By Mouserocks <email@example.com>
Submitted: September 2018
Story Size: 4,933 words (26Kb as text)
Summary: Lois’ death takes a toll on everyone who knew her—especially Jimmy Olsen. But just how far will Jimmy go to make Superman pay for Lois’ demise? Future fic, Jimmy POV. WHAM warning.
Kids, you know your mother. You know what she’s like. Her dogged determination, her not exactly above-board methods of getting information, her Kerth awards and—well, pretty much everything about her. You might think, what’s left to tell? Well, trust me, there’s a lot you still don’t know about your mother, from long before you were born.
I remember it all so clearly. The day each of you were born, the day she walked down the aisle, so many days where she nearly didn’t make it, good days along with the bad. Because there were bad days—ones where she was mean to me, would tease me, would even flat out ignore me—but then there were all the times we’d teamed up to work together, bust a story together, relaxed and joked together and just enjoyed each other’s company. We’ve had so many good times together over the years, kids.
I’ve always thought her an incredible woman. I’m sure she knew it, too. I know I couldn’t have hidden it very well. Even though she walked all over me, tried to ignore my presence entirely, and I was sure that she was way out of my league, I couldn’t get that little ounce of adoration out of my eyes whenever I saw her. I could feel my spirits lifting, a slight spring in my step just from being around her.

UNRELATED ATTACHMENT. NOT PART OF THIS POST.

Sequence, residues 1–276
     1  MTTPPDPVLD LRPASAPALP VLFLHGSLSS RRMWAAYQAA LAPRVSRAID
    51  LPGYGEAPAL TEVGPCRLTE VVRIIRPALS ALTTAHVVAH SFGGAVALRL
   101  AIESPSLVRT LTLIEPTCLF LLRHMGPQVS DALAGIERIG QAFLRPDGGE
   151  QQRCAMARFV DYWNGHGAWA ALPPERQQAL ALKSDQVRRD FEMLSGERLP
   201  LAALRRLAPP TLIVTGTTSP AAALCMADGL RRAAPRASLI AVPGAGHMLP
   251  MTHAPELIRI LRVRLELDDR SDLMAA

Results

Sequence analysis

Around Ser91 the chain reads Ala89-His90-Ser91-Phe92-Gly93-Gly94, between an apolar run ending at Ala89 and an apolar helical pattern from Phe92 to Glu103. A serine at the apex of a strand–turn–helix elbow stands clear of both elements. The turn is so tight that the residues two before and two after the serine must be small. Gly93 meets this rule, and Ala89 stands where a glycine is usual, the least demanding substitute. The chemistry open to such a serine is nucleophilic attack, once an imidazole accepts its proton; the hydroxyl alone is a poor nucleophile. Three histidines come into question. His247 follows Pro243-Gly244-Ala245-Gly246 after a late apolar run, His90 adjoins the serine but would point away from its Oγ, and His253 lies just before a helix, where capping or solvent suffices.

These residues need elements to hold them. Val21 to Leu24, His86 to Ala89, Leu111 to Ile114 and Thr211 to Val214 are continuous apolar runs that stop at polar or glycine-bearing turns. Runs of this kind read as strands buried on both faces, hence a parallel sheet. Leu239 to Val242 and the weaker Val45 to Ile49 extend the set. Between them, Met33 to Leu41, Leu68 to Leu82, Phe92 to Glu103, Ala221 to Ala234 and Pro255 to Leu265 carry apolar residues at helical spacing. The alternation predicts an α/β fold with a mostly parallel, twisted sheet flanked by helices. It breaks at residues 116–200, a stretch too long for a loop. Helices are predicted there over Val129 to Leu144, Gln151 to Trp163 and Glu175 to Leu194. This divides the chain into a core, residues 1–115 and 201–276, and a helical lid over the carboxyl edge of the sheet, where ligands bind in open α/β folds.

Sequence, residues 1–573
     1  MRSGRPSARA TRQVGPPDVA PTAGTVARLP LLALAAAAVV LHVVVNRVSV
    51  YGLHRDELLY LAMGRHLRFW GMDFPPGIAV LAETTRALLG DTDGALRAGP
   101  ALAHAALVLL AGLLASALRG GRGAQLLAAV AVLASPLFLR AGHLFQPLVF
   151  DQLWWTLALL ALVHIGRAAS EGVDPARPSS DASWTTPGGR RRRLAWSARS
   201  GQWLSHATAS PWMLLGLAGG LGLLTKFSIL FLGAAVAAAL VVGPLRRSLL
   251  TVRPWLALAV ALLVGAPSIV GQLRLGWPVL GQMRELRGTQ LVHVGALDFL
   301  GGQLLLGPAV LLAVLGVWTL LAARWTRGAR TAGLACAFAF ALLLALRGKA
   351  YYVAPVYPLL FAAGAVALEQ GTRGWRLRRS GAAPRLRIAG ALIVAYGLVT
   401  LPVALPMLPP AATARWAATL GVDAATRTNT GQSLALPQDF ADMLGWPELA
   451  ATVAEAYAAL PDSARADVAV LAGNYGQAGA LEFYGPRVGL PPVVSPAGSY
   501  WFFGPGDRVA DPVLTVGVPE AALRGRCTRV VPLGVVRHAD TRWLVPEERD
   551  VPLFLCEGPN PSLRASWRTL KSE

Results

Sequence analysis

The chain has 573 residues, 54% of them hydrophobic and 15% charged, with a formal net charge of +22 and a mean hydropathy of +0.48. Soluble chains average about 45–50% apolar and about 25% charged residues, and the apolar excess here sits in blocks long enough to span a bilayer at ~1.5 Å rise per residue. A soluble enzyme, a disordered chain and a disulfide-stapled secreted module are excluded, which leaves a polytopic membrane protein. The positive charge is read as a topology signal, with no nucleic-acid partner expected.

Back then, I did anything I could to stay near her. I needed to be around her as much as possible. I’d hover around her desk, waiting for her to call out my name, even just to grab something for her or double check a fact (or more likely a spelling error). I’d grab her coffee mug off her desk, give it a top off just the way she liked it. She wasn’t always super grateful, but even just a glance my way was enough sometimes to rid me of my blues.
I hope you don’t think I’m talking bad about her, kids. It may sound a bit cold, and maybe it did feel that way at times, but that was never a problem with me. I craved every bit of attention I could get from her, no matter what kind, and it was enough. She was perfect, even if a little too stubborn and resilient.
Most of the time it was enough, anyway.
The worst part was that everybody could see it. Sometimes I’d catch Perry looking at me with pity, and I’d realize just how lovesick I must have looked when I gazed after her. But after a while, it was just kind of accepted by everyone.
Until he showed up.
Things could have gone so well, too. We were just getting to be good friends, our system worked out well for the both of us. She didn’t seem to mind my crush all too much, and I didn’t mind that things were moving slowly. It gave me time to learn more about her—and then we met him and everything changed.